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Volume 3, Issue 2
Summer 2007:

Keeping the Books

Brian T. Maurer

Cell 2 Soul. 2007 Summer; 3(2):a11

Lillian, the lady that comes in to do our office books once a week, was sitting at the computer workstation, entering checks into the electronic register. One of her boys had just gotten back from a six-month tour in Iraq. She was overjoyed to have him home again. We were all glad he made it back safely. You read about the war in the papers, but it's different when you know a family who has a son or daughter over there in the thick of things.

"How're things?" I asked her, as I walked through the business office.

"OK," she said, rather flatly.

"I guess it's good to have your son home, huh?" I offered. "Is he back in school?"

She shook her head. "No, he decided he couldn't go back to school right now."

"Yeah," I said. "I remember how it was when I got out. I thought I would just slip right back into civilian life no problem. But I was wrong. It took some time to adjust."

"He's having a hard time all right. The girlfriend broke up with him."

"That's too bad. What's he doing? Is he working somewhere?"

"No, just hanging out at home. He's quiet — doesn't talk much."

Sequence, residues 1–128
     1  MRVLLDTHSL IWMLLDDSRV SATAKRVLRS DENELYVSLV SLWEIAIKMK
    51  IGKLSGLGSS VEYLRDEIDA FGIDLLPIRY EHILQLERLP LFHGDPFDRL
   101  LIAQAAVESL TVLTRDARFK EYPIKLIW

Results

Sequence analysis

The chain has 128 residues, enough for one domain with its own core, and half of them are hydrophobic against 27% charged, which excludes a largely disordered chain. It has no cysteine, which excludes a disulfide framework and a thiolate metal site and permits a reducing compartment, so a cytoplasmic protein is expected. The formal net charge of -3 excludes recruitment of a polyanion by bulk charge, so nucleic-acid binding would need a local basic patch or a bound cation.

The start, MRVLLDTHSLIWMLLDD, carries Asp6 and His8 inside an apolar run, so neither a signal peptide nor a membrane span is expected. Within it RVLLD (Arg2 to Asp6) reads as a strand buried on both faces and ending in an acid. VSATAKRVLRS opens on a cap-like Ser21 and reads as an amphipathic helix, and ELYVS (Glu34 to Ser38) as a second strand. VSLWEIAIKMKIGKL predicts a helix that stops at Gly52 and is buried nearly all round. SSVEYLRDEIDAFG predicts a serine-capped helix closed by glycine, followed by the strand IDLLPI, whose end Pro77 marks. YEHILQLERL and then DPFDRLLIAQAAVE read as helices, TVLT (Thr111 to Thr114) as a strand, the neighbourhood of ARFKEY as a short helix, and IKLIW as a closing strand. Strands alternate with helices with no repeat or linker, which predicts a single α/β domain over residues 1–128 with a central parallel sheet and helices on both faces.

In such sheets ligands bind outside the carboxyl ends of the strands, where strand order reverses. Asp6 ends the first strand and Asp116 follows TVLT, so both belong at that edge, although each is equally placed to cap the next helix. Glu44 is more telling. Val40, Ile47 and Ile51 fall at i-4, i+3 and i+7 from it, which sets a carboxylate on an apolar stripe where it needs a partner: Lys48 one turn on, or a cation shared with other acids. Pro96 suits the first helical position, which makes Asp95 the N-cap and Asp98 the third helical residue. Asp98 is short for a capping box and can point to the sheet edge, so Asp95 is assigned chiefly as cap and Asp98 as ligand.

I noticed the hesitation in her voice. "Sounds like maybe he needs to talk."

She stopped typing and turned around in her chair. I could see her eyes beginning to water.

"I wish he could talk to someone. I tried to tell him it would do him good. But he can't."

I stood still and waited quietly.

"He talked to me — a little," she said. "It's a lot for him to deal with. He's only twenty years old."

"I suppose he saw some combat?"

She nodded, and her face turned bright red.

"Did he — he had to kill someone, didn't he?"

Again a nod of the head, a tightening of the upper lip.

"A child," she said. "A six-year-old boy." She started to cry. "His unit passed by a group of Iraqis, when someone started firing on them, someone from behind this group of people. His unit returned fire. One of the men held up a boy in front of him as a shield. There wasn't time to think; everybody was firing back. The boy died along with the others."

I waited for her to finish. I thought back to a similar story I had heard years ago during the Vietnamese conflict. Then I said: "Didn't they de-brief him before sending him home?"

"Oh, he went through the ropes all right. They said he was OK, fine to come home. But he's not the same kid — he's changed. And he doesn't want to talk about it."

Soldiers come home with all sorts of wounds. Some have lost an arm, or a leg, or an eye, or a hand. But even those who look whole on the outside have lost something, too. And just like those who have been scarred physically, they will be forced to bear their wounds as well, most likely for the rest of their lives.

The medals and the citations and the monthly disability checks only serve as reminders, not of honor or courage or grace under pressure, but of deeds done, which cannot be undone — deeds which continue to produce a sudden tightening in the chest or an unexpected wrenching in the gut, even in the most peaceful of moments.

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